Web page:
This retrospective study was conducted to analyze the clinical results in 26 patients with lesions at the craniocervical junction that had been treated by occipitocervical reconstruction using pedicle screws in the cervical spine and occipitocervical rod systems.
To evaluate the effectiveness of pedicle screw fixation in occipitocervical reconstructive surgery and to introduce surgical techniques.
Many methods of occipitocervical reconstruction have been reported, but there have been no reports of occipitocervical reconstruction using pedicle screws and occipitocervical rod systems for reduction and fixation.
Twenty-six patients with lesions at the craniocervical junction underwent reconstructive surgery using pedicle screws in the cervical spine and occipitocervical rod systems. The occipitocervical lesions were atlantoaxial subluxation associated with basilar invagination, which was caused by rheumatoid arthritis in 19 patients and other disorders in 7. The lowest cervical vertebra of fusion in 16 patients was C2, and the remaining 10 patients underwent fusion downward from C3 to C7. Flexion deformity of the occipitoatlantoaxial complex was corrected by application of extensional force, and upward migration of the odontoid process was reduced by application of combined force of extension and distraction between the occiput and the cervical pedicle screws.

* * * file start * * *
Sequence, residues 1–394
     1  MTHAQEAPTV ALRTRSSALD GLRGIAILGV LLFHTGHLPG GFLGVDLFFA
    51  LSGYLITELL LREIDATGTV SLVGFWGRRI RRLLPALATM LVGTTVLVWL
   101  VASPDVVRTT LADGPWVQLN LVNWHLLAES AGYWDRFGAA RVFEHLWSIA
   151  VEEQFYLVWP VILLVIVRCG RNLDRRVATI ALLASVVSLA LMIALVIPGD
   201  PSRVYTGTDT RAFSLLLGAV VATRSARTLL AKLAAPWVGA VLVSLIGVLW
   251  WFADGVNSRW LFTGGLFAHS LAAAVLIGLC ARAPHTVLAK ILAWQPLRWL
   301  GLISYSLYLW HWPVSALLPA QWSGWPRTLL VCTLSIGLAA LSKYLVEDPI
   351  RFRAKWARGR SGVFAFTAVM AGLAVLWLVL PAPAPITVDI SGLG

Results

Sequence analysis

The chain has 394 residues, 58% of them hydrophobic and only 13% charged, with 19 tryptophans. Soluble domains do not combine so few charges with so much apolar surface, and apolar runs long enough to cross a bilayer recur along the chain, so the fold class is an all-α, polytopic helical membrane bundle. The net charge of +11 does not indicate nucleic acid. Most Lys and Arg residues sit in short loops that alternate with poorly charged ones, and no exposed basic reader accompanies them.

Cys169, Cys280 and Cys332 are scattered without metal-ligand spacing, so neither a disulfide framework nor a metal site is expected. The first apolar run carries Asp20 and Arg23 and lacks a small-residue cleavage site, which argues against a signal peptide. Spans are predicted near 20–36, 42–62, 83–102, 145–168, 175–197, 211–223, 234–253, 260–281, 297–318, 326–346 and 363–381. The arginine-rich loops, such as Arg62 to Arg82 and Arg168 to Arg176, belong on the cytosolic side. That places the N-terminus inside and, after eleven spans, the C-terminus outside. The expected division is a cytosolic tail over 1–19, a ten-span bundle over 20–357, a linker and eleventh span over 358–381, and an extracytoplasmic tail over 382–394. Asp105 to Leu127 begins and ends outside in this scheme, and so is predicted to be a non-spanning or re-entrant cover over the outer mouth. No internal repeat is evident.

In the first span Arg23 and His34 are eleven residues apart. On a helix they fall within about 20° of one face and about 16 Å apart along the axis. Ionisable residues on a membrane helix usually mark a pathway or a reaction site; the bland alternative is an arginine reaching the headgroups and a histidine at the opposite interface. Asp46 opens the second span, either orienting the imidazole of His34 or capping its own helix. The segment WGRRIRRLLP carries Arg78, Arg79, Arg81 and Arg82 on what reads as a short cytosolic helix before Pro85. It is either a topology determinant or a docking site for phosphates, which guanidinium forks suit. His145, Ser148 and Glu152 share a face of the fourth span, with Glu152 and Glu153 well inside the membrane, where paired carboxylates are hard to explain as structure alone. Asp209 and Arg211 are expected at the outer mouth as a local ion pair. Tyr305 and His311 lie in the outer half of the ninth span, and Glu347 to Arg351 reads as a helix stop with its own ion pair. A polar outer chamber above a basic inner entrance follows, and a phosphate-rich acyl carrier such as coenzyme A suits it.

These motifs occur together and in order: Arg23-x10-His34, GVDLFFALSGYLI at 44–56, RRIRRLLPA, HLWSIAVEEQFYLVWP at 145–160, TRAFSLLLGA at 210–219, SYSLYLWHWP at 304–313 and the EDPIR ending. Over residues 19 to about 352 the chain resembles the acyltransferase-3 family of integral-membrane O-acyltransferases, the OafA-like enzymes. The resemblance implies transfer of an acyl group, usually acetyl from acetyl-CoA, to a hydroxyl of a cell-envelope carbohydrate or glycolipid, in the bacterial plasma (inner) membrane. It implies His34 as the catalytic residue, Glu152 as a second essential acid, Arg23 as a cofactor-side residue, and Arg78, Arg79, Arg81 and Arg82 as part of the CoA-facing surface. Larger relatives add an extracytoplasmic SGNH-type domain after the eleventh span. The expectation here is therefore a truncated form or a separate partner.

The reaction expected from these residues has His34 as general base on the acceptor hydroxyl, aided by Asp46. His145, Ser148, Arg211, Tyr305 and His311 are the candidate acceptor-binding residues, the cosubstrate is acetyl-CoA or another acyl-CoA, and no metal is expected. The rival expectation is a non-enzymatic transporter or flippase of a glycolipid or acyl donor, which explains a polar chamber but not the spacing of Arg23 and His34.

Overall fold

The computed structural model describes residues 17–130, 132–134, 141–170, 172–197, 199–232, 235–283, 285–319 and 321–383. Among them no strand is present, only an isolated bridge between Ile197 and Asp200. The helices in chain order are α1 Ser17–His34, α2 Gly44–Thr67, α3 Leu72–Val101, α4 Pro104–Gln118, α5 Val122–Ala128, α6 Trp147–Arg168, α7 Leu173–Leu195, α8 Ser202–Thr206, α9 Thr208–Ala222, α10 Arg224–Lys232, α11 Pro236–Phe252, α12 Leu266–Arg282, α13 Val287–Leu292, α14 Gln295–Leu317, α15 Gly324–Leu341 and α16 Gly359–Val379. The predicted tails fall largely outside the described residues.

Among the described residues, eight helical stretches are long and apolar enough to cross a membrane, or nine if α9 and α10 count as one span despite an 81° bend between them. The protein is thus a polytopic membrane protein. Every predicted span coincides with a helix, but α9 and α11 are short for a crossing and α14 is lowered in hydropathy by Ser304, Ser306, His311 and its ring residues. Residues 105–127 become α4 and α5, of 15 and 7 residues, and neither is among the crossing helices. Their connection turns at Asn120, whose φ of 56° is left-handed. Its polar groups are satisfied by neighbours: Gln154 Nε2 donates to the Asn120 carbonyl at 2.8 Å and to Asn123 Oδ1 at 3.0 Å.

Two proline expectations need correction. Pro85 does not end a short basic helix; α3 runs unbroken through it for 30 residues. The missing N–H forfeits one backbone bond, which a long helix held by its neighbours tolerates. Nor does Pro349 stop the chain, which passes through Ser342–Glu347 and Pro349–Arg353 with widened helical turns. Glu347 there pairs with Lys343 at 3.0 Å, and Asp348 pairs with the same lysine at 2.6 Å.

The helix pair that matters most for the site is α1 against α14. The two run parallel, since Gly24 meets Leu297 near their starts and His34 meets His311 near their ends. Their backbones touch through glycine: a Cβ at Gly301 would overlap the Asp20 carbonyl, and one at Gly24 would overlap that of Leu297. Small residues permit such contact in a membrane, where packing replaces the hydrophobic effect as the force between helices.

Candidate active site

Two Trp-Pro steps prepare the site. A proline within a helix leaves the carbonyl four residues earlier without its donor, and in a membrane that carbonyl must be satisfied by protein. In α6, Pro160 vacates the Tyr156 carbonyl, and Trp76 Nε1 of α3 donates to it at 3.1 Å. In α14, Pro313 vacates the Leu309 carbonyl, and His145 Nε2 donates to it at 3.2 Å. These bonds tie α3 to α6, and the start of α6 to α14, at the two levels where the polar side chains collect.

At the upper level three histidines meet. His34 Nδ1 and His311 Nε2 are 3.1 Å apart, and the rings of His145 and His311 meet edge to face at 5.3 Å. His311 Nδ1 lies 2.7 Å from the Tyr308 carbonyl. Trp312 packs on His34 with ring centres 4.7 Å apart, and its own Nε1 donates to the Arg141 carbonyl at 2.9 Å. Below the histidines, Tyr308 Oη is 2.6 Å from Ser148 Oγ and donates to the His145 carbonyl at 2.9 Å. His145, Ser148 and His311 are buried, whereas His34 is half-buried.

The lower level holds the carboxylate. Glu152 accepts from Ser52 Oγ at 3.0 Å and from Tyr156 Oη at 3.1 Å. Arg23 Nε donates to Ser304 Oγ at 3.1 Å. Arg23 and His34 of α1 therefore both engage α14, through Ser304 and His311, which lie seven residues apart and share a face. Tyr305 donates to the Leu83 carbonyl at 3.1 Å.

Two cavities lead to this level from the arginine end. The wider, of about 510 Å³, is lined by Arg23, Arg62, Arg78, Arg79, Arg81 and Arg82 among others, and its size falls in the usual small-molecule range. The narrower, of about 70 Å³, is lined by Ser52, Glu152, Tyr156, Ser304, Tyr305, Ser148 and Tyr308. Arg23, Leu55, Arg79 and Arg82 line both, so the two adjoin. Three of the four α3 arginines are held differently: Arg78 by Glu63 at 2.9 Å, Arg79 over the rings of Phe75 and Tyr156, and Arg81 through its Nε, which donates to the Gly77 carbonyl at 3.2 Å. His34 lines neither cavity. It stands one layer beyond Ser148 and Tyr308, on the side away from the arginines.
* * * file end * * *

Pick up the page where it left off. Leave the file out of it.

Solid fusion was achieved in all patients except two with metastatic vertebral tumors who did not receive bone graft for fusion. Correction of malalignment at the craniocervical junction was adequate, and postoperative magnetic resonance imaging showed improvement of anterior compression of the medulla oblongata. There were no neurovascular complications of cervical pedicle screws.
Occipitocervical reconstruction by the combination of cervical pedicle screws and occipitocervical rod systems provided the high fusion rate and sufficient correction of malalignment in the occipitoatlantoaxial region. Results of this study showed the effectiveness of cervical pedicle screw as a fixation anchor for occipitocervical reconstruction.
From the *Department of Orthopaedic Surgery, Hokkaido University School of Medicine, Sapporo, Japan; and †Hokkaido Orthopaedic Memorial Hospital, Sapporo, Japan.
Acknowledgment date: September 2, 1998.
Acceptance date: December 4, 1998.
Address reprint requests to
Kuniyoshi Abumi, MD
Department of Orthopaedic Surgery
Hokkaido University School of Medicine
N-15 W-7, Kita-Ku
Sapporo 060-8638, Japan
Device status category: 7.